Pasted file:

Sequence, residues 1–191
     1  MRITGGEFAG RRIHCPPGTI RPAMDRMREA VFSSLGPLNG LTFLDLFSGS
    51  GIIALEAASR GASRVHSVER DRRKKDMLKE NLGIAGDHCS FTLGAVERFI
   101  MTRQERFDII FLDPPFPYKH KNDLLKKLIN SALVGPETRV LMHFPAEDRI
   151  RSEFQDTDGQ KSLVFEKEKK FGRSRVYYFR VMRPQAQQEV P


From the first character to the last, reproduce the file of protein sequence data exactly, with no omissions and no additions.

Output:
Sequence, residues 1–191
     1  MRITGGEFAG RRIHCPPGTI RPAMDRMREA VFSSLGPLNG LTFLDLFSGS
    51  GIIALEAASR GASRVHSVER DRRKKDMLKE NLGIAGDHCS FTLGAVERFI
   101  MTRQERFDII FLDPPFPYKH KNDLLKKLIN SALVGPETRV LMHFPAEDRI
   151  RSEFQDTDGQ KSLVFEKEKK FGRSRVYYFR VMRPQAQQEV P